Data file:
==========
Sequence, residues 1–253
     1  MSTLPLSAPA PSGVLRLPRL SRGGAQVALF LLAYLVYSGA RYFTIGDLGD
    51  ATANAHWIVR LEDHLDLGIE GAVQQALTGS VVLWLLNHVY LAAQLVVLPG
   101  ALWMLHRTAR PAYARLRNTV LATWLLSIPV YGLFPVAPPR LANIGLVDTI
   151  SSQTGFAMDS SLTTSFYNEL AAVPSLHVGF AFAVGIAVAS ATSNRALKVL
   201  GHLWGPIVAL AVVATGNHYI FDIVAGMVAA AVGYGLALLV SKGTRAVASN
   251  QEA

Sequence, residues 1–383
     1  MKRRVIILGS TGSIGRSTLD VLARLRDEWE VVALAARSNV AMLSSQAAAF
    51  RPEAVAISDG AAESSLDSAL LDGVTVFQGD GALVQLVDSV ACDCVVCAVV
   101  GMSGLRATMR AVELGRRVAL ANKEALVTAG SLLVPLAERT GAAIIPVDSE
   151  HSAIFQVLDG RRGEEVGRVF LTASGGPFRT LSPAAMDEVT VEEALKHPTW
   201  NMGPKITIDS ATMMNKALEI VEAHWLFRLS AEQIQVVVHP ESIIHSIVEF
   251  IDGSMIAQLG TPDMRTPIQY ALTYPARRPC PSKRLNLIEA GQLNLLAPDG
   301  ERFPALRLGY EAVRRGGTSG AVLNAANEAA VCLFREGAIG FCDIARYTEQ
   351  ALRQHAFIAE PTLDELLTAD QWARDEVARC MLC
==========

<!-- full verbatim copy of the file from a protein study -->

Sequence, residues 1–253
     1  MSTLPLSAPA PSGVLRLPRL SRGGAQVALF LLAYLVYSGA RYFTIGDLGD
    51  ATANAHWIVR LEDHLDLGIE GAVQQALTGS VVLWLLNHVY LAAQLVVLPG
   101  ALWMLHRTAR PAYARLRNTV LATWLLSIPV YGLFPVAPPR LANIGLVDTI
   151  SSQTGFAMDS SLTTSFYNEL AAVPSLHVGF AFAVGIAVAS ATSNRALKVL
   201  GHLWGPIVAL AVVATGNHYI FDIVAGMVAA AVGYGLALLV SKGTRAVASN
   251  QEA

Sequence, residues 1–383
     1  MKRRVIILGS TGSIGRSTLD VLARLRDEWE VVALAARSNV AMLSSQAAAF
    51  RPEAVAISDG AAESSLDSAL LDGVTVFQGD GALVQLVDSV ACDCVVCAVV
   101  GMSGLRATMR AVELGRRVAL ANKEALVTAG SLLVPLAERT GAAIIPVDSE
   151  HSAIFQVLDG RRGEEVGRVF LTASGGPFRT LSPAAMDEVT VEEALKHPTW
   201  NMGPKITIDS ATMMNKALEI VEAHWLFRLS AEQIQVVVHP ESIIHSIVEF
   251  IDGSMIAQLG TPDMRTPIQY ALTYPARRPC PSKRLNLIEA GQLNLLAPDG
   301  ERFPALRLGY EAVRRGGTSG AVLNAANEAA VCLFREGAIG FCDIARYTEQ
   351  ALRQHAFIAE PTLDELLTAD QWARDEVARC MLC